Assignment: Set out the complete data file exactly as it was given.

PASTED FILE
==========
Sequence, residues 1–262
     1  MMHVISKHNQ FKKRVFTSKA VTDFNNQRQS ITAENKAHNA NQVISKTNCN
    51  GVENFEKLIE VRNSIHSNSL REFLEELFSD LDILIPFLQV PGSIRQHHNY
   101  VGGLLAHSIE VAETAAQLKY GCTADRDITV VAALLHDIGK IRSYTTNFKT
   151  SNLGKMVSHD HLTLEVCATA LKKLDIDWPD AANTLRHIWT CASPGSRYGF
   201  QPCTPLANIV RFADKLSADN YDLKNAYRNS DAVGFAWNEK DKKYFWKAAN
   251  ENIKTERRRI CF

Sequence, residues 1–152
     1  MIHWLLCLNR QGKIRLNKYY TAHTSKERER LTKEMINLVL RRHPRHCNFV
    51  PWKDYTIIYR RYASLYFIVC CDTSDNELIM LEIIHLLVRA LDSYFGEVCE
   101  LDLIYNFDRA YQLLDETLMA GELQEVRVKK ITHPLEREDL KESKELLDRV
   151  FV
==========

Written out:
Sequence, residues 1–262
     1  MMHVISKHNQ FKKRVFTSKA VTDFNNQRQS ITAENKAHNA NQVISKTNCN
    51  GVENFEKLIE VRNSIHSNSL REFLEELFSD LDILIPFLQV PGSIRQHHNY
   101  VGGLLAHSIE VAETAAQLKY GCTADRDITV VAALLHDIGK IRSYTTNFKT
   151  SNLGKMVSHD HLTLEVCATA LKKLDIDWPD AANTLRHIWT CASPGSRYGF
   201  QPCTPLANIV RFADKLSADN YDLKNAYRNS DAVGFAWNEK DKKYFWKAAN
   251  ENIKTERRRI CF

Sequence, residues 1–152
     1  MIHWLLCLNR QGKIRLNKYY TAHTSKERER LTKEMINLVL RRHPRHCNFV
    51  PWKDYTIIYR RYASLYFIVC CDTSDNELIM LEIIHLLVRA LDSYFGEVCE
   101  LDLIYNFDRA YQLLDETLMA GELQEVRVKK ITHPLEREDL KESKELLDRV
   151  FV